This is a great video about PBL (project-based learning). If kindergartners can do it, anyone can! And if older kids can do it, why not kindergartners?

The whole edutopia site is great:

Here are some more of our favorite blogs:

Will Richardson is the education reform guru. He's a superstar:

And we like Scott McLeod too (and the name of his blog):

Have fun! If you watch any of the videos or read any of the blogs, share your thoughts in the Comments section!

Friday, February 8, 2013

The Frisch Fashion Show: Who's the Fairest of Them All?

This past week, the Wednesday night #jedchat discussion touched on learning by failing and learning in real life experiences, both of which are a big part of RealSchool's philosophy (the latter practice is even embedded in our name). Many people have asked us to explain what RealSchool is and it's always a challenge because it encompasses so many things, but the discussion last night has prompted us to try and explain what we do through a real-life example and by revealing the curtain to show Oz, even if it means that some of the things we tell you turn out not to work and not to end up in our final project.

The Frisch Fashion Show

This past week, RealSchool began planning in earnest the second annual fashion show. This year, the theme for the show is "Who's the Fairest of Them All?" and we're focusing on fair food, fair fashion and a fair world. This theme enables almost all of the RealSchool teams to be involved, though admittedly only girls are planning and starring the in show. 

Outline of the Show

At an earlier meeting, we had decided to focus on Biblical women in the fashion show, and during this week's planning session, we decided that each grade would walk the runway twice with presentations by the Frisch dance team and a girls' a capella group interspersed throughout the fashion show. Here's our program so far:

Round 1: four models per grade, with a formal dress as the final piece

Freshmen: Eve and the Foremothers, Sarah, Rebecca, Rachel and Leah
Clothing: Flowers a la Alexander McQueen and clothing with flower motifs

Dance routine by the dance team: Depiction of Miriam's song by the Red Sea

Sophomores: Egyptian women: Pharoah's daughter; Shifra and Puah
Clothing inspired by ancient Egypt

Juniors: The daughters of Tzlafchad, who petitioned Moses to allow them to inherit their father's land even though they were (gasp!) women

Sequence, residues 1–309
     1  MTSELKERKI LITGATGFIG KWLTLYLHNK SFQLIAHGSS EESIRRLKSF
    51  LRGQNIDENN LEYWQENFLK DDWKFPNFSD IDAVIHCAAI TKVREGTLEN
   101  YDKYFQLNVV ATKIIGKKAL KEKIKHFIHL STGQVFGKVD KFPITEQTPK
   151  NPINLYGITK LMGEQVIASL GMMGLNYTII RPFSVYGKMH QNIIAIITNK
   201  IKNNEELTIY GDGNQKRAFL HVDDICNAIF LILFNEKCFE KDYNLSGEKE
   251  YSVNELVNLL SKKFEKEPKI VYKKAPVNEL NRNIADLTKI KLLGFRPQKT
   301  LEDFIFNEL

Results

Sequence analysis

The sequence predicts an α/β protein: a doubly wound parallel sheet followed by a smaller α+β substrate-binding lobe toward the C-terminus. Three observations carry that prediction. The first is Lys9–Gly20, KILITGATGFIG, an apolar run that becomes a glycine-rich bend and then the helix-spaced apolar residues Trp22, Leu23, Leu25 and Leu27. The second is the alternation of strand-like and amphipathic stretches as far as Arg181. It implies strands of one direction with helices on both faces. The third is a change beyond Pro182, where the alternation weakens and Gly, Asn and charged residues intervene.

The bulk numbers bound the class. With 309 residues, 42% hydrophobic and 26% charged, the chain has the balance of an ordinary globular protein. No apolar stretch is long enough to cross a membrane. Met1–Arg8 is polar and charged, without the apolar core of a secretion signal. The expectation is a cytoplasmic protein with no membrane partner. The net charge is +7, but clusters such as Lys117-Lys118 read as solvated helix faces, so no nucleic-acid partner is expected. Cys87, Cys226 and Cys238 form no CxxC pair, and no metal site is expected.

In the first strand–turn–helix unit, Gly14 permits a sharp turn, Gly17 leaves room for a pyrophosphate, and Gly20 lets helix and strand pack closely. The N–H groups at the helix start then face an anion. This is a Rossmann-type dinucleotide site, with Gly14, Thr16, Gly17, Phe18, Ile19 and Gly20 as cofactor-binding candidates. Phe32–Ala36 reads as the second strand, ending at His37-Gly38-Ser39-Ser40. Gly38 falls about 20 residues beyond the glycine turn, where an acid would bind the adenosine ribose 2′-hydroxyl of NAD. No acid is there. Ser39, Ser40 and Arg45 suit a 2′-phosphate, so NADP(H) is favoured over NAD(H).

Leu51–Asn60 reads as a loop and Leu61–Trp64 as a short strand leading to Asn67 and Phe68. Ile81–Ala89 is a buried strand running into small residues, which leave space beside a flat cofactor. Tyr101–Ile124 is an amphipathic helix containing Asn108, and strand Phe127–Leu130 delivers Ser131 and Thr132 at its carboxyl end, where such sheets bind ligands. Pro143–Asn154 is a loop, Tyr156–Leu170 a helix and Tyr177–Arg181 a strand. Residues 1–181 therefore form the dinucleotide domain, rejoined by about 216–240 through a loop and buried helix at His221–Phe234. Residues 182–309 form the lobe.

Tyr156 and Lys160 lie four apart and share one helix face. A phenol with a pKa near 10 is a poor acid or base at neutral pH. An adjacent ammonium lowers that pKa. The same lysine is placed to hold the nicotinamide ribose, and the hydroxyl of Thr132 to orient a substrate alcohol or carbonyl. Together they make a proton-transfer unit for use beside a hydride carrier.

Clothing for the professional woman

Seniors: Biblical female military leaders: Yael and Deborah
Military wear

Military-inspired dance routine

Round 2: four models per grade; the seniors will model only formal wear

Freshmen: Ruth
Clothing with a royal theme, since Ruth is the forerunner of David

Freshmen planning their part of the fashion show

Sophomores: Evil Biblical women: Jezebel, Vashti, et al
Goth clothing

Edgy dance routine

Juniors: Juniors with mothers: We're the inheritors of Biblical women, living chains binding each generation together
Mommy and Me outfits!

Seniors: Esther
A beauty pageant

Seniors discussing what their models should wear

To be decided: When and what the singers are performing


Before the show begins, those attending will be able to view a student-made art exhibit on female oppression and female entrepreneurship that the RealSchool Arts team is creating. On one side of the walls lining the auditorium will be artwork depicting female oppression in the world. (No, we're not afraid to insert some gravity into a fashion show). On the other side of the room will be artwork showing female entrepreneurs. Therefore, the exhibit will show what we still have to do to ensure fair treatment of women and what women are doing to empower themselves and enrich the world with their talents.

The Arts team discovered the work of Kara Walker, a black American artist.
We may imitate her style for some of the art students make for the night.
During the viewing of the exhibit, attendees will also be able to buy fair-trade chocolate, and we also want to have female vendors selling vintage clothing so people can engage in ethical fashion practices by buying "recycled" clothing. We also plan on contacting Frisch female alumni who are artists, so they can show and sell their work at the event. Female jewelry vendors and the like will also be welcome.


We have yet to decide on the charity that part of the event's proceeds will go to. In keeping with the night's theme, we want to give a portion of our proceeds to an organization that works to end female trafficking and sex slave trading. The remainder of the proceeds will go to our school, Frisch.

Our To-Do List

* RealSchool's graphic designer, Karen, is working on a "Who's the Fairest of Them All?" logo for the event, one we can also print on a T-shirt we'll sell.

* We need to write a script for the Finance and Marketing team, so they know what to say to the vendors about the night and the charity we want the proceeds to go to.

* We want to weave commentary about the Biblical women into the fashion show presentation, in order to make the event have more religious purposefulness. RealSchool's Religious Identity team is working on that.

* Each grade's representatives have begun discussing the look for each outfit they want to model. Once the girls have a sense of what they want the outfits to look like, we'll use our contacts to find clothing. 

* Last year, Glam Salon in Englewood, NJ, did the models' hair and make-up. We want to contact them again as well as create student hair and make-up teams for each grade.

We'll keep you updated on our progress as the planning progresses! 

Planning and implementing an event like this shows:

1) students are excited and motivated when they're invested in the learning. We're taking a passion many girls have -- shopping and modelling clothes -- and using it to create a learning experience. Because the base of the learning is a fashion show, the girls are more interested in hearing about topics such as female oppression, female artists and fair trade practices than they would be if we brought those issues up in a regular class.